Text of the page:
France wants to increase efforts to find a solution to the conflict between Armenia and Azerbaijan over the Nagorno-Karabakh region. French Foreign Minister Jean-Yves Le Drian said that his country wanted to start looking for the ways of settling the Karabakh conflict since the current situation was “not an option”, adding that “France seeks peace and stability in the region.”
“France, as co-chair of the OSCE Minsk Group, will make the necessary efforts for a peaceful settlement of the Armenia-Azerbaijan Nagorno-Karabakh conflict, and we believe that it is necessary to improve the work of the OSCE in this regard”, Mr. Le Drian said. His Azerbaijani foreign minister Elmar Mammadyarov said that he was having substantive discussions on the issue adhering to the strategy of resolving the conflict peacefully. On the occasion of marking Azerbaijan’s National Day on 28 May, also the US State Department reiterated that it remained “committed to finding a peaceful resolution of the Nagorno-Karabakh conflict and urge the parties to resume intensive negotiations as soon as possible.”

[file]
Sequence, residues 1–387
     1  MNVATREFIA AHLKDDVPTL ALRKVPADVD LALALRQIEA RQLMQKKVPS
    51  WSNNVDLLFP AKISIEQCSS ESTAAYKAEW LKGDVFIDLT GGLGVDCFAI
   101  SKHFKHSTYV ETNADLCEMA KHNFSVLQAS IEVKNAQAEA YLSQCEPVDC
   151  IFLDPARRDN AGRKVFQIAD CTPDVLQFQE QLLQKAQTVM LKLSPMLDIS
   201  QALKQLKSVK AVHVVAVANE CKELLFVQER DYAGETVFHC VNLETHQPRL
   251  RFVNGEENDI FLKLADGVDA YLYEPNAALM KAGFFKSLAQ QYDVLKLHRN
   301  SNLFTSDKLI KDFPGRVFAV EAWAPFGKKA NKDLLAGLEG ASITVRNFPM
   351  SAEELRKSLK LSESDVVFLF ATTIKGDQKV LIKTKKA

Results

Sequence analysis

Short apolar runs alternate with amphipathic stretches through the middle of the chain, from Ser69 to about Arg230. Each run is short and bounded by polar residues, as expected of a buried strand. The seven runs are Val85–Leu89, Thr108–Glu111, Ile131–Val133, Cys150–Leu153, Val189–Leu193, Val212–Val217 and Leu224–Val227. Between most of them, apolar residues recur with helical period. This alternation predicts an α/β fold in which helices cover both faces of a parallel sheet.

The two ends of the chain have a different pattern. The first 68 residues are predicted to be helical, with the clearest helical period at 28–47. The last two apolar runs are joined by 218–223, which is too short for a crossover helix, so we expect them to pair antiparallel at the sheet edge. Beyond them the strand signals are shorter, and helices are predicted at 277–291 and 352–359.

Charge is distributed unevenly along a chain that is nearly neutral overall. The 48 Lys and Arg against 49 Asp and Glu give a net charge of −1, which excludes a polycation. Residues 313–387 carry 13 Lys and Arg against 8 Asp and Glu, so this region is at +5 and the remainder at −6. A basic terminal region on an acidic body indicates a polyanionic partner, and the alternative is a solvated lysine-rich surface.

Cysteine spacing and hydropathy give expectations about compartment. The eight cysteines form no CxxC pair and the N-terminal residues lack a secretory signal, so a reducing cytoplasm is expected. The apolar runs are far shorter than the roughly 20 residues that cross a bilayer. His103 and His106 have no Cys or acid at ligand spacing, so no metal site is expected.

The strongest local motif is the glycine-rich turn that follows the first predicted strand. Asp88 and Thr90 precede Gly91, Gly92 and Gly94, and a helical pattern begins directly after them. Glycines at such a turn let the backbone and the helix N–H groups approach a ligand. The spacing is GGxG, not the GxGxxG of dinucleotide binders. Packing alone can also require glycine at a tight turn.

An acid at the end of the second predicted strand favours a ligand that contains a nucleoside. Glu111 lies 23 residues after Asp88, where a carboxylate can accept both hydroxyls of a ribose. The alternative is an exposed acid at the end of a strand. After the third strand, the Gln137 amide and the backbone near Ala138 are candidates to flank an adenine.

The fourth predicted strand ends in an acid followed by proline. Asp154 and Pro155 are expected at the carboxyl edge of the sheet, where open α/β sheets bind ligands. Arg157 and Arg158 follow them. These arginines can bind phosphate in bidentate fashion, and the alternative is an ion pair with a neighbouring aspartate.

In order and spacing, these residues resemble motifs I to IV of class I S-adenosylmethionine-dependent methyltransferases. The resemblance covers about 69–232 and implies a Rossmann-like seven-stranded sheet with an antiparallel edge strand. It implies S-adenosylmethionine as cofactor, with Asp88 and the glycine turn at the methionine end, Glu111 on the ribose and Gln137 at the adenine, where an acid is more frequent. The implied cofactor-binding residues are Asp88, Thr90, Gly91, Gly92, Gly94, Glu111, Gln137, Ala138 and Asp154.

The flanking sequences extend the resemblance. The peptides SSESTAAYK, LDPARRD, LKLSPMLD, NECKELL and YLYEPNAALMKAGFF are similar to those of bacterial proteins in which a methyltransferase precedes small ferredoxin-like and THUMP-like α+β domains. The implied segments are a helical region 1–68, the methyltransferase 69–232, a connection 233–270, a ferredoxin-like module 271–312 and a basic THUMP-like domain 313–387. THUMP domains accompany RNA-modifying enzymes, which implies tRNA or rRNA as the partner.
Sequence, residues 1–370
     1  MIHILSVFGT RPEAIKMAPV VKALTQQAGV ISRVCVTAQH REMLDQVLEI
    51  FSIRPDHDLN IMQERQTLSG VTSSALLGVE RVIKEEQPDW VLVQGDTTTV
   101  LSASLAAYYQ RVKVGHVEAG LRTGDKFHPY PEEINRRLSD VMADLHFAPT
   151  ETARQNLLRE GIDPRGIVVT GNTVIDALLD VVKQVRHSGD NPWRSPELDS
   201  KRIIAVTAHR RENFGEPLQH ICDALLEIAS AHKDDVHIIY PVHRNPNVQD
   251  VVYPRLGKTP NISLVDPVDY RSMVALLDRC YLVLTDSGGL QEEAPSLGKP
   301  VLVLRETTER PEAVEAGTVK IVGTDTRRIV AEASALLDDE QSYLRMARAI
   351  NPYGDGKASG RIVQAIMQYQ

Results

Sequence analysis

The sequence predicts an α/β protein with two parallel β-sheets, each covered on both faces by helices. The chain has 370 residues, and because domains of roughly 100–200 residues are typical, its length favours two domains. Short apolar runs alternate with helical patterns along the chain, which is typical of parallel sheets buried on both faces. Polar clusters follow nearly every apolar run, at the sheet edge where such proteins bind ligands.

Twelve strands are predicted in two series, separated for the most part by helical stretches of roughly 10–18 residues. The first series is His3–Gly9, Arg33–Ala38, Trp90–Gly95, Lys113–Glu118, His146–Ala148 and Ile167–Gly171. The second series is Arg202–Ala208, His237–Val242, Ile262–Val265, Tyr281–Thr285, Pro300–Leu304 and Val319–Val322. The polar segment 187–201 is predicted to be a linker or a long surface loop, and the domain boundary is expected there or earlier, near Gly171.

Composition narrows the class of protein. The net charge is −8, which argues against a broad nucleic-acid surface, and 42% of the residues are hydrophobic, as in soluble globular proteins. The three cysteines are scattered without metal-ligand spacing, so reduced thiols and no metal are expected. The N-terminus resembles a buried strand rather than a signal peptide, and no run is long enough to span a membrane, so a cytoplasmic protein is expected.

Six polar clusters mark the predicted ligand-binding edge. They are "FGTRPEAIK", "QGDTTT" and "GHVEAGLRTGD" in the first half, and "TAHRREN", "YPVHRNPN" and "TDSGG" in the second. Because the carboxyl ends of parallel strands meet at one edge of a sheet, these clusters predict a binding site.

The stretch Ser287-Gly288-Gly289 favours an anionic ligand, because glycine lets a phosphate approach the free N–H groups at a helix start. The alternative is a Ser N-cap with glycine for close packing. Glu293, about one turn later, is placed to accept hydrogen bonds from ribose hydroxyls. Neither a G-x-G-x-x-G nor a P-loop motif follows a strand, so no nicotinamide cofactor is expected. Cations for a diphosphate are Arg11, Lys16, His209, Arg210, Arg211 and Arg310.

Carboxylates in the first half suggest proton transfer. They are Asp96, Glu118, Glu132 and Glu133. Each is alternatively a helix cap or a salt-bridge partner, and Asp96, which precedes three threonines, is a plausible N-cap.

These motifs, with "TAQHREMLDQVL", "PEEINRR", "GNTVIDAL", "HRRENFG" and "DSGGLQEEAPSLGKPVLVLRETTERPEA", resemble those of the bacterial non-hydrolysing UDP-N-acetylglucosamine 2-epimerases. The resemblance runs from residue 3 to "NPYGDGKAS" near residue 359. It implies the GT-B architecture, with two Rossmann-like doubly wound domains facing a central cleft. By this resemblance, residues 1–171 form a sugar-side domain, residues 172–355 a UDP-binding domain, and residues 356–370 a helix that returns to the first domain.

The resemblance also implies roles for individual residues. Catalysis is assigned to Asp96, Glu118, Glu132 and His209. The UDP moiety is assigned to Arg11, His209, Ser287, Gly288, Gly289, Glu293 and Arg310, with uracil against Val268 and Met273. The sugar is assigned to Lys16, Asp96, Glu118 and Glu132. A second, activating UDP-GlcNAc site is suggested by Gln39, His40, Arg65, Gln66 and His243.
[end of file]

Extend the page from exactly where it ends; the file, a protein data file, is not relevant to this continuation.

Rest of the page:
The Nagorno-Karabakh conflict is a territorial and ethnic conflict between Azerbaijan and Armenia over the disputed region of Nagorno Karabakh and seven adjacent districts that are internationally recognized as de jure part of Azerbaijan. The conflict has its origins in the early 20th century when the predominantly Armenian-populated region was made autonomous by Joseph Stalin. A cease-fire was negotiated in 1994 but decades of internationally mediated talks have failed to find a resolution. As of 2017, public opinion in both Armenia and Azerbaijan has been described as “increasingly entrenched, bellicose and uncompromising” and as such long-term mutual concessions could threaten internal stability and the status quo among the ruling elites in the shorter term hence leaving little incentive to compromise.